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Major Financial Groups Share Data To Fight Online Theft 40

Posted by Soulskill
from the dogs-and-cats-living-together dept.
smitty777 writes "The Wall Street Journal is reporting on some unprecedented steps being taken by major financial institutions to combat online theft. The initiatives include a new type of data center that would be used to analyze bank data for potential security threats. Additionally, a quarterly round-table between the rivals to attack security issues was proposed. The article notes that 'security threats are pushing the big banks to do something that doesn't come naturally for these secrecy-steeped institutions: share information with one another.' A video at MarketWatch digs into it a little bit more, and points out that the banks will spend an estimated $1 billion on protection this year, which represents a 12% increase. Technologically, there has been much discussion of two-factor authentication to improve security. In fact, security officials in Singapore are even hinting at biometric solutions."
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Major Financial Groups Share Data To Fight Online Theft

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  • Criminals rejoice! (Score:2, Insightful)

    by Majik Sheff (930627)

    The banks have decided to consolidate their weak IT policies into a convenient one-stop shop for attacks!

    No longer will you have to break into a half-dozen banks to get the personal information of millions!

    • by Anonymous Coward

      Can't they just nationalize the banks already? It would save the government the trouble of making sure that the banks don't get too friendly with each other.

    • by Gideon Wells (1412675) on Thursday January 12, 2012 @09:45AM (#38673442)

      It all comes down to how it works.

      Right now you have many companies who have differing levels of protection. This would be akin to each state being in charge of its own military. Ideally, by pooling said resources a better overall military/defense could be formed. Redundancy removed, funds freed up for more high level prevention.

      Of course, that is being optimistic. Pessimistically, they'll agree to combine all their funds, use 10% (90% to bonuses for thinking of this savings) of it for this venture, outsource it to a company in India, who outsources it to China, who out sources it to South Korea (which gets linked to North Korea and sold to Russia), who out sources it to a vocational school in Seattle.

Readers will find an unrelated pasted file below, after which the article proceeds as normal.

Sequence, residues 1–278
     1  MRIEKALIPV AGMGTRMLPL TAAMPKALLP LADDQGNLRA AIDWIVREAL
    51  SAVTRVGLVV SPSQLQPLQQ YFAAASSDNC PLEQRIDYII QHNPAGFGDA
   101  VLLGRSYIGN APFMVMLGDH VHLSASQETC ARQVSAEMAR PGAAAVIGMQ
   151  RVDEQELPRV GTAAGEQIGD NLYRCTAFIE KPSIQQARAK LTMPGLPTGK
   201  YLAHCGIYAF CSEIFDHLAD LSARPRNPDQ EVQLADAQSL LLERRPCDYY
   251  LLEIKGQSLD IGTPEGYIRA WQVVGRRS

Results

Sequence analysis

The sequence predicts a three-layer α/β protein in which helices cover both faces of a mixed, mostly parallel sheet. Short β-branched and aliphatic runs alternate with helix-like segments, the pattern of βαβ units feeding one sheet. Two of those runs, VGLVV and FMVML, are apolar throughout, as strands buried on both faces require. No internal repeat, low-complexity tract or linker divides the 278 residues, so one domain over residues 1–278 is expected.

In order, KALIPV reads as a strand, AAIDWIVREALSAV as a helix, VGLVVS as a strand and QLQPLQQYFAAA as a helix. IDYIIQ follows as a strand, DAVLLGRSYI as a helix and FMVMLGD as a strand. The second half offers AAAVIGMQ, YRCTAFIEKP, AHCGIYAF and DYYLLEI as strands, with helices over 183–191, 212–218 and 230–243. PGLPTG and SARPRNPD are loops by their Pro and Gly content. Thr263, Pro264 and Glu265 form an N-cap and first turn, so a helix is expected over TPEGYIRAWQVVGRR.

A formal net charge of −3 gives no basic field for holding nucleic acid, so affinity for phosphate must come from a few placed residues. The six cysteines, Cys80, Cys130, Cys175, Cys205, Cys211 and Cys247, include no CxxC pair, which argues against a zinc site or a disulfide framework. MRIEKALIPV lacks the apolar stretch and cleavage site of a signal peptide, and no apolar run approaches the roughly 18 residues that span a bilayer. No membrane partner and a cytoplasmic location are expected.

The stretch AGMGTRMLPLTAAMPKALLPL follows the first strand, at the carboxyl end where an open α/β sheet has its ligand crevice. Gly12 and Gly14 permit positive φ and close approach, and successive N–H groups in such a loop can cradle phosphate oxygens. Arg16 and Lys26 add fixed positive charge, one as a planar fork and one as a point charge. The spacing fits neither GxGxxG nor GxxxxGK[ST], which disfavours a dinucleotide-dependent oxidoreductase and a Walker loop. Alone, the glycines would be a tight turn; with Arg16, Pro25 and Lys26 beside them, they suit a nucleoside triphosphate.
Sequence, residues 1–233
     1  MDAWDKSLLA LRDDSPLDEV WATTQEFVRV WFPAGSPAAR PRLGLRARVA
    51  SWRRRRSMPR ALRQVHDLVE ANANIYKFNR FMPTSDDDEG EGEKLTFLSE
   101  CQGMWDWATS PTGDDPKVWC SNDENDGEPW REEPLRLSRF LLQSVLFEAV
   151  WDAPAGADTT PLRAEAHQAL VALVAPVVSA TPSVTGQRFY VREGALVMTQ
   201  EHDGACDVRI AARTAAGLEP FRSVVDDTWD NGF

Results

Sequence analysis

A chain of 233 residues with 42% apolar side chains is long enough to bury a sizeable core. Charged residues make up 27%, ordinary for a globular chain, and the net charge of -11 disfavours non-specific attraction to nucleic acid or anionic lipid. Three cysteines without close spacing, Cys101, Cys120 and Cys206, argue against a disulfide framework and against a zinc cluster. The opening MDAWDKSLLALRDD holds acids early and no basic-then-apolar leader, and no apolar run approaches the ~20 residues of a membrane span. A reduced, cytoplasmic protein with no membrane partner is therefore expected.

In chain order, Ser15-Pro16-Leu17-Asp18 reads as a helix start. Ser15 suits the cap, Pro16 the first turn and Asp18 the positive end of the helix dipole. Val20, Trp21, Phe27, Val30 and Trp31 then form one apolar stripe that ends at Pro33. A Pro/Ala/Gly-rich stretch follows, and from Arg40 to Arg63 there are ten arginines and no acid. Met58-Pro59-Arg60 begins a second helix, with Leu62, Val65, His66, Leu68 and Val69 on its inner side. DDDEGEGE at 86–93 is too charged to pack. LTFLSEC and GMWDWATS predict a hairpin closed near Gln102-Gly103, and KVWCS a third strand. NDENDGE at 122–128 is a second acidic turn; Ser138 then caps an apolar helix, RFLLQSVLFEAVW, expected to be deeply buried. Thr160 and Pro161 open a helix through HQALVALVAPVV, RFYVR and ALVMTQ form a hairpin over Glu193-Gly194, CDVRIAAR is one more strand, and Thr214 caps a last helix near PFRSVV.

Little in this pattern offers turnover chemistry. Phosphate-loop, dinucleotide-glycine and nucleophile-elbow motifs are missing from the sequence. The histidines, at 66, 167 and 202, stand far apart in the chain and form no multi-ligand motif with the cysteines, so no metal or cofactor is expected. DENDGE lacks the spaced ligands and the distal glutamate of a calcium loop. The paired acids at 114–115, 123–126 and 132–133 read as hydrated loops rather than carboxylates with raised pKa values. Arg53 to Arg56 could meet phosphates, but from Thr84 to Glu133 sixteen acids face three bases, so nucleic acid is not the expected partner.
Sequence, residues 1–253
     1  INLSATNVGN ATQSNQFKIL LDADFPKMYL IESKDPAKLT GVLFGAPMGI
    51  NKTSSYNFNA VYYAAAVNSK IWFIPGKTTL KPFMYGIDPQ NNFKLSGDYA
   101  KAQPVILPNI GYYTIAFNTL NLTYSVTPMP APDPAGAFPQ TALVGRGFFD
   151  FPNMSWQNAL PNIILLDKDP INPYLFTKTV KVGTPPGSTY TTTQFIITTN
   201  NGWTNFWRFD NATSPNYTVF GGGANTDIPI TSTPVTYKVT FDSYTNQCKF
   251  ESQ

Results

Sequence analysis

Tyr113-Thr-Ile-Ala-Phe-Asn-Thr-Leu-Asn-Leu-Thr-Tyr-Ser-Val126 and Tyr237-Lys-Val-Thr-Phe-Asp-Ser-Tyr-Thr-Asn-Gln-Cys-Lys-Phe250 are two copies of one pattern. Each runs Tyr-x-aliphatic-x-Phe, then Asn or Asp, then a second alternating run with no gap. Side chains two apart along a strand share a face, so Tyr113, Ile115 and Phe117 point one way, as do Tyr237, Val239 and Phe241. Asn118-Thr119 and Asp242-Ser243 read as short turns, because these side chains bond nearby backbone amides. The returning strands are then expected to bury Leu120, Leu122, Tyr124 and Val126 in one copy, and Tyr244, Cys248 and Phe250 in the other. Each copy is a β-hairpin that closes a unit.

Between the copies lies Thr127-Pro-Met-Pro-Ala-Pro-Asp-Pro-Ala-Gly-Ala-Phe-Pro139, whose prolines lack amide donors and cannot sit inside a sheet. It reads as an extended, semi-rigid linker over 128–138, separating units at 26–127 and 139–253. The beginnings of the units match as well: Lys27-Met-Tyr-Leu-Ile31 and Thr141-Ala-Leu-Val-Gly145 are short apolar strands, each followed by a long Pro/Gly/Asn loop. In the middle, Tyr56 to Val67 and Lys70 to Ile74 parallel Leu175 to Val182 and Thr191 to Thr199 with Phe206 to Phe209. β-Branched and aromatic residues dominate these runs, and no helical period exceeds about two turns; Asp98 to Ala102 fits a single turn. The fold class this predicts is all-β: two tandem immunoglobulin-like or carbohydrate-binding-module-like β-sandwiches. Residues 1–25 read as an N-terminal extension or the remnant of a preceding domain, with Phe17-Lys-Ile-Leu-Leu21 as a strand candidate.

• It all comes down to how it works.

        It all comes down to how it dysfunctions.

        Recall the old adage that Canada should be the best place in the world, with French culture, British politics, and American industry. Instead, they somehow ended up with French politics, British industry, and American culture. This cooperation between banks will doubtless combine their weaknesses while discarding their strengths in a similar way.

  • by boner (27505) on Thursday January 12, 2012 @09:51AM (#38673480)

    Having used both name/password, electronic tokens etc. to access my financial data, I would like to see an objective analysis of their security. I personally prefer the electronic tokens used by several Dutch banks (ING, Rabobank, ABN AMRO), above the name/password features used by American banks (BofA, Wells Fargo, Chase, JP Morgan, Credit unions, etc.). But the main question is: how do they perform in real-life? Which schemes lose more money to scamming or phishing?

    Evaluating the performance of my parents (70+) with modern authentication schemes, does not bode well. My parents are generally unable to distinguish phishing mail from real mail - how should banks balance the convenience of email against the requirements for safety?

    Can anyone point to objective evaluations of bank security and authentication schemes?

    • by TubeSteak (669689)

      ... At an industry conference in 2003, ..., the chief technology officer of a large bank said ... "We don't want to talk about fraud in front of anyone."

      You'll never see an objective analysis of their security and you'll never learn which banks are subject to fraud, except where State/Federal law requires disclosure.
      If we learned about the $$$ value of fraud that banks write off, there would probably be public outrage and a crisis of confidence in the banking system,
      especially now with the mortgage crisis and bank bailouts fresh in the public's mind.